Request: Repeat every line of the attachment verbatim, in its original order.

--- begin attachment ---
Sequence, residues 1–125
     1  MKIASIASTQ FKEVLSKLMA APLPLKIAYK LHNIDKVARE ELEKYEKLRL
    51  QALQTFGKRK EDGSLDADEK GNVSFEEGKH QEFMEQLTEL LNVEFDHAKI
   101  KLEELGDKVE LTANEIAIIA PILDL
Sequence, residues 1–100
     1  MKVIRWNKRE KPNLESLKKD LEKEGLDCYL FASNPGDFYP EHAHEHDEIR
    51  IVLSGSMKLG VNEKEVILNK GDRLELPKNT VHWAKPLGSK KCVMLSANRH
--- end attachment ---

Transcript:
Sequence, residues 1–125
     1  MKIASIASTQ FKEVLSKLMA APLPLKIAYK LHNIDKVARE ELEKYEKLRL
    51  QALQTFGKRK EDGSLDADEK GNVSFEEGKH QEFMEQLTEL LNVEFDHAKI
   101  KLEELGDKVE LTANEIAIIA PILDL
Sequence, residues 1–100
     1  MKVIRWNKRE KPNLESLKKD LEKEGLDCYL FASNPGDFYP EHAHEHDEIR
    51  IVLSGSMKLG VNEKEVILNK GDRLELPKNT VHWAKPLGSK KCVMLSANRH